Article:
Here is a mother/daughter photo which illustrates my opinion to a point. The daughter (sitting) will never have the nobility of head that can be seen in her dam. She doesn't have a hard head, her expression is gentle but the planes are wrong, her skull is too round and her muzzle is short. Although I bred her - and she has done her share of winning - this is not the head I breed for.
Nice comparison JP.Originally Posted by JP
After attending a bunch of shows in my area and getting to know what breeders have in their kennels, I learned that most judges are putting up a more moderate head. I personally like the "overdone" head.
Will I win at shows with this type of head. Prolly not, because the majority tends to favor the moderate head. But, when all is said and done, I have to live with these animals. I want to be able to look into my yard and love, not just like, what I see.
Here is a picture of my boy Blizzard. Most people say his head is overdone.
I have had people stop and ask me where I got him, because they "love" his head. But then again, they havent been around the block to see CH. So an so's head. Completely different.
Blizzard is a great looking dog however i am not sure that in my subjective opinion I would refer his head as a specimen example to the breeding standard. One of the labs that i like with a big head is Int Jr Ch Chambrays Out Of The Ruff here is his pic however for some even he is pushing it a bit too far.
I don't like the term "overdone" as it is very subjective. *Size is not only what makes a head overdone in my opinion, it's more expression, overall shape, and muzzle length. *What makes a "Rottie" head or a coarse expression in my opinion is a short and wide muzzle, very round between the ears, short and/or high set ears, and small beady eyes in relationship with the rest of the foreface (the eyes are not small per se but are when compared with the very wide part of the head between the eyes.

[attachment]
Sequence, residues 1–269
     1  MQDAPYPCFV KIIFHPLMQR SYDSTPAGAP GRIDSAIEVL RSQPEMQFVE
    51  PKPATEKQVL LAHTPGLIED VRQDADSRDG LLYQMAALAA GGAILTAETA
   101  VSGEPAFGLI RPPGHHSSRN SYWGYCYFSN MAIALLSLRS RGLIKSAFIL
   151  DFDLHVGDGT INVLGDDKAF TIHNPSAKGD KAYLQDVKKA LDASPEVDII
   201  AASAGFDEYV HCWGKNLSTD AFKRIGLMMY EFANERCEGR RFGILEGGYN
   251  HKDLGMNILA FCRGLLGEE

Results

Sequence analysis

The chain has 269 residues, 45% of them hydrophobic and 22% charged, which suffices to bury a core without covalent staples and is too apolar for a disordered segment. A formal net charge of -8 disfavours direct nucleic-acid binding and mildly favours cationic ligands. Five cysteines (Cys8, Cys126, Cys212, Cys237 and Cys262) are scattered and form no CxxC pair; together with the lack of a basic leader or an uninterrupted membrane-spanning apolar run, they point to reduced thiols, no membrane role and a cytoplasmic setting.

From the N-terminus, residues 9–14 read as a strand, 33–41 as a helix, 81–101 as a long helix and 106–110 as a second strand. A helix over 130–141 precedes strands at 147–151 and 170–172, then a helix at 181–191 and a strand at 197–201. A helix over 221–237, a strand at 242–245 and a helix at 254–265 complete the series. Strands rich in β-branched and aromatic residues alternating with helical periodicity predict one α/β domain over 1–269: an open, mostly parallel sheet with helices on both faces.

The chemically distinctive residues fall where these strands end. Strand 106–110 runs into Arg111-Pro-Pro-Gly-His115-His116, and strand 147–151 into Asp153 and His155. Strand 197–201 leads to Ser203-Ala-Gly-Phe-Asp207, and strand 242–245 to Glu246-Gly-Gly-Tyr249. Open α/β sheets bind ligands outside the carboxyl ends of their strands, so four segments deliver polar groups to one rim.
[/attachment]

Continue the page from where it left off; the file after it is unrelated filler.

JP's illustration and description is excellent and I agree. *I prefer a "sporting" dog head over a working type head. *I do like a larger head with a round backskull but also good sized thick ears and a longer muzzle.
I have seen people describe a head as "gorgeous" and even "unforgettable" in one dogs' ad when to me it's very ugly because it's much too coarse. * *
I prefer the bitch's head who is lying down over the sitting daughter as well, however I do like both heads.
I too have a mother/daughter team who are different. *I prefer the daughter's head who has a longer muzzle and is not as "square" as her mother. *A lot of people love her mother's head and although she is cute and has a kind expression I think her muzzle is too short and her backskull too broad in relation.
Mother Scout is on the right and daughter Wigeon on the left.
heads are very subjective. i like jp like a more old-style moderate head. any excess to me is not correct.
♣ Laura ♣
I like Labs to look like Labs. If a head resembles any other breed, then it is not correct...no matter how much you like to look at it in your back yard. I really don't like the harsh rottie look myself.